Tinubu Presidency: Nigerians Shouldn’t Deceive Themselves That Any Leader Has Come To Their Rescue

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This is the way it has always been when a new leader assumes the mantle. In 2015, all that many Nigerians wanted was anything but Goodluck Jonathan, the former President. President Muhammadu Buhari was presented as a preferable alternative and the Messiah that Nigeria needed at the time. Strangely, the arrowhead of that campaign would later take over from Buhari in a twist of fate.

Immediately Buhari was sworn in, the goons went to town and they regaled us with catalogues of woes that the political party they took over from had committed, as if that was not the very reason they were elected into office. Even till his last days in office, Buhari’s handlers were still talking of 16 wasted years of PDP.

In those days of the commencement of his tenure, Buhari was said to be the best thing to have happened to Nigeria after independence. We were told that his body language alone had restored stable electricity and wiped off corruption from Nigeria. But we became wiser with time. As they say, when people have been subjected to years of neglect and poor leadership, any little effort from a new leader would be misinterpreted as revolutionary. But we are wiser now, as a people. Or so I believe.

On May 29, 2023, His Excellency, Senator Bola Ahmed Tinubu was sworn in as the President of the Federal Republic of Nigeria, ostensibly to fulfil his lifetime ambition. He immediately committed himself to the abolition of the fuel subsidy regime and also promised the unification of the exchange rate regime. He subsequently dissolved the security chiefs and also sacked the boards of all federal government agencies and parastatals. This is the usual stock in trade, at times to raise the consciousness of the people and at other times to buy support and loyalty. These positions have to be filled one way or the other.

The judiciary is key to the success of any government and so it was not surprising that he quickly assented to the Bill for the unification of the retirement age of all judges of the superior courts across board. The appointments made so far are clearly predictable; the Chief of Staff, the Inspector-General of Police, the Chief of Army Staff, the Central Bank Governor, the Comptroller-General of Customs, etc, all from the same region. When taken side by side the Chief Justice of Nigeria, the Chairman of ICPC and the Comptroller-General of Immigrations, we can well define the real meaning of nepotism.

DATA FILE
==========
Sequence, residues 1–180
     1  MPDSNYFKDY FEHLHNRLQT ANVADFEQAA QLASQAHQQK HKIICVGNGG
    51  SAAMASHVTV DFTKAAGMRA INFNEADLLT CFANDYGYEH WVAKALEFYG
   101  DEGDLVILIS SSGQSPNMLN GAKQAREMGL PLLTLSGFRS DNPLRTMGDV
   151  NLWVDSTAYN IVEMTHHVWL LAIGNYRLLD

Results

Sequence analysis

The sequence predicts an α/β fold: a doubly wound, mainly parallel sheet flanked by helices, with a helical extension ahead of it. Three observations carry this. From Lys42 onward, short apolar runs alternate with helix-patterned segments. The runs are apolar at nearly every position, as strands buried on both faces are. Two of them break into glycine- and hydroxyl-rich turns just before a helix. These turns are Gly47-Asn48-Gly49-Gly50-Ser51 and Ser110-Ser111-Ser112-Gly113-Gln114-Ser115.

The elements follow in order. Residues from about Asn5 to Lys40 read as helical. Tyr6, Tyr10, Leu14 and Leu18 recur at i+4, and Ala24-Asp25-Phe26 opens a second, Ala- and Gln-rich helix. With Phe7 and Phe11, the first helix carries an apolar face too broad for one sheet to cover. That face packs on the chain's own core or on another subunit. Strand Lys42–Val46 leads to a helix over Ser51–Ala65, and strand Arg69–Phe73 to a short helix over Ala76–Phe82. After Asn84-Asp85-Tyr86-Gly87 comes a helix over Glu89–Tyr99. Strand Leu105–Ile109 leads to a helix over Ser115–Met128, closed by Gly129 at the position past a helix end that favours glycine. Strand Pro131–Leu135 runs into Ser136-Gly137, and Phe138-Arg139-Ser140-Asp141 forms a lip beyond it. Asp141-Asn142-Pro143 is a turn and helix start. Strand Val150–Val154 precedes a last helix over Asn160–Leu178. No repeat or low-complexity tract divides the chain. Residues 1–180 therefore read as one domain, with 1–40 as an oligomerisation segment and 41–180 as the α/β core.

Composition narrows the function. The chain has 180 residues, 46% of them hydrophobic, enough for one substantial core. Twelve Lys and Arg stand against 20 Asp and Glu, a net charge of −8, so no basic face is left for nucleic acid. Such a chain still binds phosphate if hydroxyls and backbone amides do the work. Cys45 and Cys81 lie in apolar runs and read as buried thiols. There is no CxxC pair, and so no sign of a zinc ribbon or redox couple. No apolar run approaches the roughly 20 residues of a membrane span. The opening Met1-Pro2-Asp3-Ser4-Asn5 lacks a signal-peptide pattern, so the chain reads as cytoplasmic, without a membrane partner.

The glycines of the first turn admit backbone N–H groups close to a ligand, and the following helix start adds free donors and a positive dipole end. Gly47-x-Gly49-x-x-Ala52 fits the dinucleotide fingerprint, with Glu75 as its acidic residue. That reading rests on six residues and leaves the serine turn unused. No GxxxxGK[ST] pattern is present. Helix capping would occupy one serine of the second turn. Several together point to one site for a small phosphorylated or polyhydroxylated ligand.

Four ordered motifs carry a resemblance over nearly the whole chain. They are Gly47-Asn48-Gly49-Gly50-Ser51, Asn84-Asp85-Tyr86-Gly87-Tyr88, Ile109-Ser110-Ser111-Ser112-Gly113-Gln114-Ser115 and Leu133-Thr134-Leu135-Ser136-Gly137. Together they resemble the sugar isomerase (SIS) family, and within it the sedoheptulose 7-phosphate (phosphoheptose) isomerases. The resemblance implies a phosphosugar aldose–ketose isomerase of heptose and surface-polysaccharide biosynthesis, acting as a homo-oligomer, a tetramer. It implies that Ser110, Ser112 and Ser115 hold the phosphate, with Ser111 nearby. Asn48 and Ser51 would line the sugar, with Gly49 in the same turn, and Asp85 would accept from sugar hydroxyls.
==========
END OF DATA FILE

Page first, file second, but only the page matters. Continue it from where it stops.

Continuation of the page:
Take it or leave it, the majority ethnic groups would take no prisoners; so it was under Buhari, so it is now under Tinubu and so it will be, even under His Excellency, Peter Obi. There is nothing new. People should not delude or deceive themselves to think that any leader has come to their rescue.

The main three-fold planks of the Buhari administration were security, anti-corruption and the economy. The seemingly stable electricity supply that was contrived as a product of his body language at the commencement of his tenure later turned out to be the worst in the history of Nigeria with 99 national grid collapses, the anti-corruption war so consumed the government that even the symbol of that struggle (EFCC Chairman) was himself swallowed by it.

In a way that jolted Nigerians, some of those who were convicted by the court of corrupt practices were granted state pardon by Buhari and some others that had corruption cases or charges pending against them were smart to join the political party in power to have the cases dropped or abandoned. It is not different from what we are currently witnessing, wherein the EFCC Chairman has been accused of corruption and abuse of power without a charge filed against him in court.

It is the style of new administrations in order to be seen as doing something and to have enough time to settle down, before baring their fangs. President Buhari actually canvassed for judicial independence by signing the law granting financial autonomy to the judiciary but in the same vein, no other administration has victimized, intimidated and humiliated the judiciary as much as the Buhari administration, when we remember how security agencies stormed the houses of judges and how the head of the judiciary was booted out of office through unconventional ex-parte orders.